Designer Kurt Woerpel has been creating zines for around five years after taking Duncan Hamilton’s Independent Publishing Primer class at the Pratt Institute. “Directly after graduating Pratt, my friends and I applied to Printed Matter’s New York Art Book Fair with some of our student work and came up with the name TXTbooks in an effort to sound more official than we were,” explains Kurt. “It worked, and we ended up attending, sneaking back into Pratt to use their Riso to produce the stock needed to participate. It went over well and since then we have participated annually in the NY Art Book Fair and a handful of other fairs around the US.”
There’s a whole section in Kurt’s portfolio dedicated to zines, and the designer enjoys the flexibility and “low pressure” nature of creating a zine about your own interests. “That being said, it also provides, by virtue of limited time to create (for me) and space (24 pages), a certain level of forced restraint and therefore punchiness,” Kurt says. “It’s always more of a snack than a meal if you know what I mean.” It’s the attitude towards making zines that also drives Kurt to continue making them. “There’s a simple pleasure in the DIY aspects,” he says. “Managing every step of the process yourself down to folding and stapling paper. You don’t need permission – you can just go and do it if you can cobble together some free time and a late-night workplace printer.”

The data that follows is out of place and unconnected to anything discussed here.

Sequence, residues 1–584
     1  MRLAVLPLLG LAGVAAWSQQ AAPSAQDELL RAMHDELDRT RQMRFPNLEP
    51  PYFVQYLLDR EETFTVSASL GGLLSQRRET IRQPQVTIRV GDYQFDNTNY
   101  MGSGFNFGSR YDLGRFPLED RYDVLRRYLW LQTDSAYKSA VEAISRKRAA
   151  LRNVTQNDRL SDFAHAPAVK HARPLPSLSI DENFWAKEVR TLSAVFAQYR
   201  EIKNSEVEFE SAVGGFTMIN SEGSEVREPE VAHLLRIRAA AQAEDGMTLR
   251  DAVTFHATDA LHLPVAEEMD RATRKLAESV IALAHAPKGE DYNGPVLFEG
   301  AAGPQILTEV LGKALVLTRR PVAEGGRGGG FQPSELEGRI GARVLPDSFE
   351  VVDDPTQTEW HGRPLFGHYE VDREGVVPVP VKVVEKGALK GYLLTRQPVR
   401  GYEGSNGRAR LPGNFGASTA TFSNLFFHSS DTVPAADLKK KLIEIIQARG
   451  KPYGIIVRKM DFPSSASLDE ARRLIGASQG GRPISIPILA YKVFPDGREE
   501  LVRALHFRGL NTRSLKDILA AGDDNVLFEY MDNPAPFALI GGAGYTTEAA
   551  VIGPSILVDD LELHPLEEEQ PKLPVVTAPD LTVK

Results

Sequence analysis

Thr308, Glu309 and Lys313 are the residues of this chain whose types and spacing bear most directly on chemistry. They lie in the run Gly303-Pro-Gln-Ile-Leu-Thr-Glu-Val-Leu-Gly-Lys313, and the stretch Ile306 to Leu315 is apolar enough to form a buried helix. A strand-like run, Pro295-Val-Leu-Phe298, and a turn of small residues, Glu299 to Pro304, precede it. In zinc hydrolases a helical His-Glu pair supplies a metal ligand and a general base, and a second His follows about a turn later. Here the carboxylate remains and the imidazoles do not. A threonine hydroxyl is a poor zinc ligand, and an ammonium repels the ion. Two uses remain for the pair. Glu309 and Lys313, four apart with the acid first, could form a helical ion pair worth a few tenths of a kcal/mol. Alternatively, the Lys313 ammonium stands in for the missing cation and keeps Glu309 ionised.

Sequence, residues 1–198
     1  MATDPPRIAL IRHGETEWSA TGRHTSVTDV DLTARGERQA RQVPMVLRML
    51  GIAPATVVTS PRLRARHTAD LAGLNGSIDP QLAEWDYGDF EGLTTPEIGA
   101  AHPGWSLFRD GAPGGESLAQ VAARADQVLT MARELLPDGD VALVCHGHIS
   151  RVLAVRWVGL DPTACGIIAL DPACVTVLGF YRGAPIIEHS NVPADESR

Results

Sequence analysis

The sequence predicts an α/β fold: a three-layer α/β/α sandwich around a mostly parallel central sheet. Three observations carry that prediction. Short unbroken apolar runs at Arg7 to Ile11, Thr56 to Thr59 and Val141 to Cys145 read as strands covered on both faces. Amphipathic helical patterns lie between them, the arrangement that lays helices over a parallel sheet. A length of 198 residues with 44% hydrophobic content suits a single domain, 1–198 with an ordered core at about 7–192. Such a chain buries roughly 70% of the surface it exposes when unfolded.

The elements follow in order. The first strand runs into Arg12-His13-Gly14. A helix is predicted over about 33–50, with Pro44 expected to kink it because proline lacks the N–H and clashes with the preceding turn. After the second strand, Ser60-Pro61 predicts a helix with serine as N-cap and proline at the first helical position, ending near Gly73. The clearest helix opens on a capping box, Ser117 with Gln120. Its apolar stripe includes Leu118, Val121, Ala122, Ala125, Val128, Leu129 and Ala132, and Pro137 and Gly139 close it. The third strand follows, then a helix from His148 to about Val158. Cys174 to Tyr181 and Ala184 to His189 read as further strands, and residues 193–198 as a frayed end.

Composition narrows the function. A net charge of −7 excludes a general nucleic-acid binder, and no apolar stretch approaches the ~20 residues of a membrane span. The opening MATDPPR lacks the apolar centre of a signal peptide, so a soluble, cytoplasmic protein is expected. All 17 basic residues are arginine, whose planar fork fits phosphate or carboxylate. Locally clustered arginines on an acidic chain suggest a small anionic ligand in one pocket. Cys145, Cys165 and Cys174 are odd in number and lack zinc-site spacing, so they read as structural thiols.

Recent projects Kurt’s worked on include his new zine No Scroll Zone, “a bootleg print pack loosely warning against the perils of idle browsing and aiming to educate against the internet k-hole”, and a series of chapbooks with different poets, that Kurt hopes will become a larger project where each poet chooses another poet to be featured after them.
Before becoming freelance and spending most of his time with TXTbooks, Kurt was a newly graduated designer at MTV News working with Richard Turley (who’s now at Weiden + Kennedy). “It was a pretty ideal introduction to the working world in a lot of ways. Richard gave us a lot of freedom to create in our own visions and room to experiment,” says Kurt. “There was a lot of trial and error with our team’s role within MTV – our team sort of repositioned itself every couple of months. Even though I talk to everyone individually I miss our MTV team a lot as a unit. We had a good run.”
This passion for his work has continued in his new ventures and anything Kurt can put himself fully into is a great project for him. “I really enjoy collaboration with other artists who don’t have design backgrounds,” he explains. “Helping someone produce their work in a way they envision (or can’t envision) is one of the most gratifying feelings.”
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